Commercial buildings need adequate roofing systems to ensure efficiency and to provide a leak-free roof, just like on your home! Unlike your home, commercial buildings generally use some sort of flat roofing system. There is more than just one type of flat roof to choose from, with each providing plenty of benefits, but also its fair share of downfalls. We’re going to go over a few of the most common types of commercial flat roofing systems that can help provide your business with a secure roof that meets your needs.
What is a Flat Roof?
A flat roof is actually a low-slope roof most commonly used for commercial buildings like apartment buildings, warehouses, big box stores, etc. They look flat, and you can walk on them like they’re flat, but they’re really at a 1/2 inch or 1/4 inch slope to ensure water can runoff.
There are many different types of flat roofs ranging from simple and cost-effective to more premium and high-end flat roofs. The three main types being; membrane, built-up roofing (BUR), and modified bitumen (MBR). Because snow and rainwater may sit for longer periods of time on these low-slope roofs, flat roofs must be made out of very watertight materials to prevent leaks and sagging.
Commercial Flat Roofing Systems
There are quite a few types of flat roofing systems that can benefit your business and commercial building. We’ll weigh the pros and cons to help you determine which might be the best fit for cost, longevity, and waterproofing.
Membrane or Single-Ply
Single-ply roofing is often the preferred type of roofing material used by building owners and builders because of its resistance to weathering and peeling. They’re called single-ply because they are designed to be just one layer of material. But that one layer is robust enough to ensure a flexible, watertight seal for most size low-slope roofs.
There are two main categories of single-ply membranes: thermoset and thermoplastic. Thermosets are made of synthetic rubber polymers, while thermoplastics are manufactured with plastic-based materials that are reinforced with fiberglass or polymer. Both are highly flexible and strong and provide UV resistance.
There are then 3 main types of single-ply roofing used by the majority of commercial roofers today. They are TPO (thermoplastic polyolefin), PVC (polyvinyl chloride), and EPDM (ethylene propylene diene monomer). TPO and PVC are thermoplastic single-ply membranes. EPDM is a thermoset and is manufactured in an extra-large size that allows for fewer seams, which means fewer places are susceptible to leaks, and it looks much sleeker.
Build-Up Roofing (BUR)
Built-up roofing is one of the oldest forms of materials used for flat roofs, having been used for almost 100+ years. It consists of building up multiple layers to create an impenetrable, seamless roof that is highly durable against damage. The first, or bottom, layer is an insulation board made of a strong core foam and reinforced with fiberglass. Then alternating layers of tar and/or asphalt go on top of the insulation or cover boards. And lastly, a layer of roof felt topped off with gravel to seal all of the layers. This seamless composition makes for a highly durable and low-maintenance protection for any low-slope commercial roof.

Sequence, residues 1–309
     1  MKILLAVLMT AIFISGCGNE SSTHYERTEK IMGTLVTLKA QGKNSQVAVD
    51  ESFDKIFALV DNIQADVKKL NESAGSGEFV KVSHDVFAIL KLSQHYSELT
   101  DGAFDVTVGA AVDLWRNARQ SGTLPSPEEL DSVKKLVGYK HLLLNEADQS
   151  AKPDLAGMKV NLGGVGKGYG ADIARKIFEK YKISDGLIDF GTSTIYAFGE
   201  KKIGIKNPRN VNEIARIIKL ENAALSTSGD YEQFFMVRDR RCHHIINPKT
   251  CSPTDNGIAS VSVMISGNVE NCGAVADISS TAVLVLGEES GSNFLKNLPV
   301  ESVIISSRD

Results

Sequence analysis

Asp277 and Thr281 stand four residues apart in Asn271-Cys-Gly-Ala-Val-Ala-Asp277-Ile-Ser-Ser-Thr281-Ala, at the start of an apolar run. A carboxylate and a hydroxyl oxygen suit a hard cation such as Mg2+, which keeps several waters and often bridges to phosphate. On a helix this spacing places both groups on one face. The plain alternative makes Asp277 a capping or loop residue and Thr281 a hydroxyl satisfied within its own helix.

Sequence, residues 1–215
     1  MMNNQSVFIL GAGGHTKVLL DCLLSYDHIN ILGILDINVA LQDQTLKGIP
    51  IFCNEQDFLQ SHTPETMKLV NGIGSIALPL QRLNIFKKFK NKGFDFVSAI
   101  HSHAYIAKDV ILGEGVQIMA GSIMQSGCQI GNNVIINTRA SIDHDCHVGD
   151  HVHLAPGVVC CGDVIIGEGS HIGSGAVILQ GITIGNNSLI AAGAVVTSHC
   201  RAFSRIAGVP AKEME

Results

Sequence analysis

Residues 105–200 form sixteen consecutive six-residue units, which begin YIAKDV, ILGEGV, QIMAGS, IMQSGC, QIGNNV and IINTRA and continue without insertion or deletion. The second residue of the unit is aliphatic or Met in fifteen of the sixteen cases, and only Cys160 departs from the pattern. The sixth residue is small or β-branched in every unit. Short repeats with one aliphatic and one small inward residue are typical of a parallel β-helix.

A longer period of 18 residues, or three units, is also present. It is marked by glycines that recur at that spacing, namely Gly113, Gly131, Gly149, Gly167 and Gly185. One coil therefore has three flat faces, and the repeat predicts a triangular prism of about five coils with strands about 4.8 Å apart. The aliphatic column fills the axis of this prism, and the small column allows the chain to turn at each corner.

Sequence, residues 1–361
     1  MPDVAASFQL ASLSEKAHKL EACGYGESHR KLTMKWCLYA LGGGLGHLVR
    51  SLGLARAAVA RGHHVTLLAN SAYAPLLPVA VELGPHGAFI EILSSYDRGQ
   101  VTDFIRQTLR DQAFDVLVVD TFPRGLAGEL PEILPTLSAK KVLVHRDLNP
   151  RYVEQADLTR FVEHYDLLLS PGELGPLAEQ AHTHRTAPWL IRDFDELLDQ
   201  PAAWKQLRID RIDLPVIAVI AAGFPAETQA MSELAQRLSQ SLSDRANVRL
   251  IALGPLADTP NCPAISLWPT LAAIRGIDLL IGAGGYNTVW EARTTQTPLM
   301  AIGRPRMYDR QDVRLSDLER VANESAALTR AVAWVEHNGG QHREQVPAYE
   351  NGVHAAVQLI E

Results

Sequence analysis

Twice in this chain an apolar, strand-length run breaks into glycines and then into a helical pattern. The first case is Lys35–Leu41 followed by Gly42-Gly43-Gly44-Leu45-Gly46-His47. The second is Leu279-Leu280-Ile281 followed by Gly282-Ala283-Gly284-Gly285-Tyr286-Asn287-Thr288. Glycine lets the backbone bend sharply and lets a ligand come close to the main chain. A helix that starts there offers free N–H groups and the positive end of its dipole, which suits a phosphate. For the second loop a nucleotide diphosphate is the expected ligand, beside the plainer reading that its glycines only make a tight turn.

Modified bitumen is a combination blend of asphalt and chemical polymer which can be applied using several techniques at different points of the year, making it an optimal choice for many new builds. Modified bitumen can be applied using adhesive sheet rolls, hot melted or mopped asphalt, a torch, or cold-applied asphalt. This type of material is highly rated against storms, wind, fire, and hail. And because the seams are melted together using heat, it creates a seamless air and water-tight seal.
Liquid applied roofing literally comes in a liquid form and is either sprayed or rolled on. This roofing technique makes for a really easy application. And because it is so malleable, it’s able to seep into hard-to-reach corners and crevasses, creating one of the best seals against water leaks out of all the low-slope roofing types. It also emits very little odor and doesn’t require hot torches or other complicated methods of installation. This makes Liquid Applied roofs ideal for businesses looking to quickly re-surface the roof without having to close the building.
Green roofs, or vegetative roofs, are not meant for every building but can be the perfect option for a company looking to be more sustainable and find more natural ways to insulate and protect their roof. A green roof includes planting vegetation and making a green space on the roof that improves water absorption, avoids the need for hefty drainage systems, and can make for the perfect living space for local wildlife like birds and bugs. Green roofs can also be transformed into a green space for employees to enjoy as long as there is safe access to the roof. Green roofs also improve oxygen levels and reduce the urban heat island effect that you see in highly metropolitan areas with tons of concrete and very little plant life.
These are some of the most commonly used roofing materials for commercial flat roofs and come highly recommended for those looking for an easy-to-install, seamless roof option for their business. Many of these roofs can be installed quite quickly, and even if they don’t last for many years (due to their expected lifespan), they can be repaired quickly and easily as well. For these and other roofing services you can count on, contact First American Roofing today.